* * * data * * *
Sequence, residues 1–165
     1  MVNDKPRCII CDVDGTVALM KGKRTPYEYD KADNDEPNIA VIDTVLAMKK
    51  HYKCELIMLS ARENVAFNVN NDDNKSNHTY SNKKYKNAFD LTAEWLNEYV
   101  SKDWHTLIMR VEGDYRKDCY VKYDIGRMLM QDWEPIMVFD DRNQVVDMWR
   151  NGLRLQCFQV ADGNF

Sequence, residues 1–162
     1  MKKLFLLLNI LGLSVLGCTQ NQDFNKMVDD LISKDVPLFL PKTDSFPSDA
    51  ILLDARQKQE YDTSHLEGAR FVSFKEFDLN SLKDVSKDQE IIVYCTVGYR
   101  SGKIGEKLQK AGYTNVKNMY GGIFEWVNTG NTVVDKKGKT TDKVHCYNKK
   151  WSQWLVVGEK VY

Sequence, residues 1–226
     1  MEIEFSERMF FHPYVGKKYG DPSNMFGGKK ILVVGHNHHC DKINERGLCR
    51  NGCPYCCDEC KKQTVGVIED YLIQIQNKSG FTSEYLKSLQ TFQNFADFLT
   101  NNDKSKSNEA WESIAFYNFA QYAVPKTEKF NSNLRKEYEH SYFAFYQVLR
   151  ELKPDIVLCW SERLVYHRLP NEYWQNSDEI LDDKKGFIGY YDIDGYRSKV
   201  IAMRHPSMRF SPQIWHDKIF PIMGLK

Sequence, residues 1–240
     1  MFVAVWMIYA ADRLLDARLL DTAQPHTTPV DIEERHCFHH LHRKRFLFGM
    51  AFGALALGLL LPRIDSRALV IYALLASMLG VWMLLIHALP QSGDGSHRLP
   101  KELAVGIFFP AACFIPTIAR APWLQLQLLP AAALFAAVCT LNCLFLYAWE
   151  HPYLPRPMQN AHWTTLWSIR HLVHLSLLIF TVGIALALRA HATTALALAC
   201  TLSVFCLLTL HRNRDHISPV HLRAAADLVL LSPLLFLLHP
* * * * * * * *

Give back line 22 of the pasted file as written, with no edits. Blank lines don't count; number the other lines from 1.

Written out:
   201  TLSVFCLLTL HRNRDHISPV HLRAAADLVL LSPLLFLLHP